Emergencies are going to happen. As long as you are living and breathing, you will have emergencies in your life. Job loss, a death in the family, a medical event, a flat tire. So, if we know emergencies are going to happen, why do we choose not to prepare for them?
Think of an emergency fund as your day-to-day living insurance. It’s there to buffer you from whatever life throws your way. While dealing with the actual emergency can be very stressful, not having the funds set aside to deal with crisis adds an entire layer of stress. When you have an emergency fund in place, you can breathe a little easier knowing that the financial part of the crisis can be taken care of.
An emergency fund also allows you to make life decisions from a clear and calm headspace. Just think about a job loss. If you lost your job today, how would you react to it? Besides feeling shock and sadness over the event, would you be panicking about how you would be able to pay the bills? Let me tell you – severance can run out quickly. I know this from experience.
Having an emergency fund means not having to take the next available job because you are desperate for income. Having an emergency fund means you can fly home if there is an emergency and be there for your family or friends. Rather, it allows you to slow down the process, work through the emotions of the job loss, and provide you time to find the next amazing opportunity.
Let me be clear – credit cards should not be your emergency fund. I repeat, credit cards should not be your emergency fund. Don’t add insult to injury – literally – by tacking on 15%, 18% interest on to an emergency. That $2,000 emergency could easily turn into hundreds of dollars of interest, putting you farther behind financially. Being prepared with an emergency fund gives you the peace of mind that you will be able to handle an emergency financially and not be paying for it later.
Here are the steps you need to take to begin building an emergency fund:
1) Decide how much of an emergency fund you want to keep. When women ask me how much they should keep in an emergency fund, I tell them that it all depends on your comfort level. For some, it may be three months of expenses; for others, it may be six months.
You have to decide for yourself how much makes sense for your life. Consider your occupation and/or your lifestyle. Are you a freelancer? You will probably want to keep at least six months on hand – possibly more.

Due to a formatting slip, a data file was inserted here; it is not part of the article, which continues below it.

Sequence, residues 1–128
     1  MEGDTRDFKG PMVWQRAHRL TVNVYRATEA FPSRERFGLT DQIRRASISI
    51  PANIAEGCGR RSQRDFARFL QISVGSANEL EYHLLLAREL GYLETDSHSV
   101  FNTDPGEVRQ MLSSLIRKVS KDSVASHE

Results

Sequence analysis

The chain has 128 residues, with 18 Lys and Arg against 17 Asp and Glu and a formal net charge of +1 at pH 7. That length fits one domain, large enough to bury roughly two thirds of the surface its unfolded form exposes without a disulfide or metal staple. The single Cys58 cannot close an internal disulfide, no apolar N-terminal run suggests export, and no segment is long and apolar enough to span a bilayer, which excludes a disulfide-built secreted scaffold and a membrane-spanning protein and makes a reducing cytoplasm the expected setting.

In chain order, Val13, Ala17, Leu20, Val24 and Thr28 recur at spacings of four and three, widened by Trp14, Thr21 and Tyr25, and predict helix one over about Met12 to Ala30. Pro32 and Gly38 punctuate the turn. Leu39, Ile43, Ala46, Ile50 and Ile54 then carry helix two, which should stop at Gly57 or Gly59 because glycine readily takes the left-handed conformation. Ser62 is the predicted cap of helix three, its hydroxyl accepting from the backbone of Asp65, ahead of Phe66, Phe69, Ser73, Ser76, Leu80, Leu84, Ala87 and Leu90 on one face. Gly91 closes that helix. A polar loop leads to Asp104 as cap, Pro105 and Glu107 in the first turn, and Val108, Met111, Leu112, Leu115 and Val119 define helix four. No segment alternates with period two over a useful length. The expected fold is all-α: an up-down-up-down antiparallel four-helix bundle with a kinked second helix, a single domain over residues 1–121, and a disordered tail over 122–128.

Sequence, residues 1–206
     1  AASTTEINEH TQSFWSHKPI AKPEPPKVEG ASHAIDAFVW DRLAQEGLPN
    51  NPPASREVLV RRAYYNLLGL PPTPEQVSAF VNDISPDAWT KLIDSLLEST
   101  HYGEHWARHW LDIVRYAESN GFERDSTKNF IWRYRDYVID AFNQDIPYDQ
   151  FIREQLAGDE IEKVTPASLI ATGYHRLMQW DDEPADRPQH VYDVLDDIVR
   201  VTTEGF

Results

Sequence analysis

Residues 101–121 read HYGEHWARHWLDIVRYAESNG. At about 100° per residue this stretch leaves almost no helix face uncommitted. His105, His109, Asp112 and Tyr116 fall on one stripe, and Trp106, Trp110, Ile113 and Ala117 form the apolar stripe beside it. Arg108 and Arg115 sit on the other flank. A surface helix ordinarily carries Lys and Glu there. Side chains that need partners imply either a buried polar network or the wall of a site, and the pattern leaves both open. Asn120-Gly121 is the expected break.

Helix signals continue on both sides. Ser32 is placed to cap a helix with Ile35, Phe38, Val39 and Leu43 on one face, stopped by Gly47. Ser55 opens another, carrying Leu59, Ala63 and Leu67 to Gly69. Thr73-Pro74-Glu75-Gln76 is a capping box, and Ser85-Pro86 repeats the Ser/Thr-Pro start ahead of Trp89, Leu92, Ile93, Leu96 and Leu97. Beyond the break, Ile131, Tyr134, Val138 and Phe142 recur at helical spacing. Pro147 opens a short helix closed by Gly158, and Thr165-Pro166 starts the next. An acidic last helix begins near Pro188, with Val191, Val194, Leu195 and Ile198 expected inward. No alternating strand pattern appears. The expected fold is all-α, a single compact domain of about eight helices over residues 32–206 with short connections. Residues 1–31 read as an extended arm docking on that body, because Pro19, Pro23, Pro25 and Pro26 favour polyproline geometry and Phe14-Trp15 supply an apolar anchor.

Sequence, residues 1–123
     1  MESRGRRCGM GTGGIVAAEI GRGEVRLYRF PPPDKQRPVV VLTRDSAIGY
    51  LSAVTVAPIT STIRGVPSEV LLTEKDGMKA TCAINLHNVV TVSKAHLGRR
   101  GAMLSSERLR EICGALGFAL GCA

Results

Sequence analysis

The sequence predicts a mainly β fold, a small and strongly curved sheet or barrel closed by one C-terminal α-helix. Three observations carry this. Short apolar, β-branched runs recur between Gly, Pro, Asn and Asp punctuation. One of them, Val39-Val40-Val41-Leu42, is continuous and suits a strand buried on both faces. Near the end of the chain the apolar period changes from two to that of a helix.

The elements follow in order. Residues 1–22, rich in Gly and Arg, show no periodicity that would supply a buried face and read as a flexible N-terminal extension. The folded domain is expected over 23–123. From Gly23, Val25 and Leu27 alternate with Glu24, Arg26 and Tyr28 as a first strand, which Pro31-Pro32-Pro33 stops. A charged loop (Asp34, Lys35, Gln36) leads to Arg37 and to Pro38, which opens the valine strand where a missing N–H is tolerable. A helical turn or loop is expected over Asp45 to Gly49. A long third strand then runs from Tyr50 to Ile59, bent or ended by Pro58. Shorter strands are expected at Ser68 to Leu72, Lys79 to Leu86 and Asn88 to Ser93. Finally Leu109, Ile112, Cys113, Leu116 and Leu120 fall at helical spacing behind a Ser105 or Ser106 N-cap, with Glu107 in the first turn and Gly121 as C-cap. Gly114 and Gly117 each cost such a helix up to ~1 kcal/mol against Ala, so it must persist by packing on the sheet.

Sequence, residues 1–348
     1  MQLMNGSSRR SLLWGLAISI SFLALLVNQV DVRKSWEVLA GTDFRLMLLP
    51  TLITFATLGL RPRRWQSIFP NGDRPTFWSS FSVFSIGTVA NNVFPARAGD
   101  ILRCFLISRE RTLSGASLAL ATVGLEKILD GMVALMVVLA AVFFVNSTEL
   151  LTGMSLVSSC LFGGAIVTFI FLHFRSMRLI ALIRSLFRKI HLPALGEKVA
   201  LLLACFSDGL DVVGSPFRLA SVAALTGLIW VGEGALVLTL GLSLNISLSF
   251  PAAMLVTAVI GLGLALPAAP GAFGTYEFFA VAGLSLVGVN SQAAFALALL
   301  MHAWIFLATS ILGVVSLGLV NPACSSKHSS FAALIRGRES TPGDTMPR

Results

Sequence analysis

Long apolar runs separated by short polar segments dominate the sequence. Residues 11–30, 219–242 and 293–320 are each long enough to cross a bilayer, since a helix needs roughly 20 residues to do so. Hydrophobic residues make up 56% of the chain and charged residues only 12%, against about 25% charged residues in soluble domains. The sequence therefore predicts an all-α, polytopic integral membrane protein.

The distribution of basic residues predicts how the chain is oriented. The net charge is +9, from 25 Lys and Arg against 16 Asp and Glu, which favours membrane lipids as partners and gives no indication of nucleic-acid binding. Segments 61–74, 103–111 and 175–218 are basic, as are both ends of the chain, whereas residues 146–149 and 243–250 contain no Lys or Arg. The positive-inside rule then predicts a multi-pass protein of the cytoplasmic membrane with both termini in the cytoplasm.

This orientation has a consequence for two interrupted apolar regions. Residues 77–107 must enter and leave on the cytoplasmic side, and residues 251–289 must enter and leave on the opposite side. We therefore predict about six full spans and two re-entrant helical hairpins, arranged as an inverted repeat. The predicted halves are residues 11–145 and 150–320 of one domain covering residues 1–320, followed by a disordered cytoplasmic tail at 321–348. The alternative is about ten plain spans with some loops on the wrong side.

2) Calculate how much money it will take to fully fund your emergency fund. This is where having a budget in place makes it easy to determine what your monthly expenses are. Take a look through your budget and decide what expenses are crucial.
I’m not talking about the line item for entertainment or yoga classes. I am talking about the basic expenses you need to live – food, shelter, utilities, transportation, insurance. What expenses would you need to survive, not necessarily how you would want to live long term. Take that monthly amount and multiply it by the number of months that you want reserved in your emergency fund. This is your target number for what your fully funded emergency fund will be.
3) Create a plan for your money so you know how much you can save each month. The amount you just calculated may feel daunting, overwhelming, or impossible to achieve. Trust me – I felt the same way too! But remember – small actions over time yield big results. There is no one saying that you have to complete your emergency fund in a certain amount of time. And chances are, you will have to use the emergency fund before it is fully funded. The point is that you are getting started putting a buffer between you and life!
In order to find money to start your emergency fund, you need to understand where your money is going. Enter the budget. Creating a budget will allow you to know how much you will be able to save in that fund. You see, if you don’t know where your money is going every month, how do you know if you really have anything left over to save for an emergency.
I get it. Budgeting can seem painful and complicated. But at the end of the day, it’s much better to know where your money is going than cross your fingers and pray that you have enough money for the electric bill to get paid. It’s not worth being stressed out.
4) Set up a separate bank account for your emergency fund. In my case, I set it up with an entirely different bank than the credit union I use for my regular household expenses. I use a high-yield online checking account that has a debit card attached to it. This way I can access the funds if a true emergency happens, but I won’t be tempted to transfer funds into my regular checking account.
5) Set up an auto-debit for your monthly contribution to your emergency fund. As part of your budget when you are funding your emergency fund, you may have a line item for your emergency fund. Put that bad boy on auto transfer to your emergency fund account so that you don’t forget – or “forget” – to transfer those funds. Otherwise, it’s just too easy to spend that extra money on the dollar bin at Target (not that I have done that but I’m just sayin’…).
I will tell you that having an emergency fund has been a lifesaver for me. Not only has it given me the peace of mind to be able to cover life’s emergencies, but life has thrown me curve balls that made it necessary to use the emergency fund. I know that the crises that have led me to use the emergency fund were definitely lessened by the fact that I didn’t have to worry about the financial part of the crisis and I could focus on the actual issue at hand.
We can’t control a lot of what gets thrown at us in life be we can be prepared to handle it financially. Start building your emergency fund today!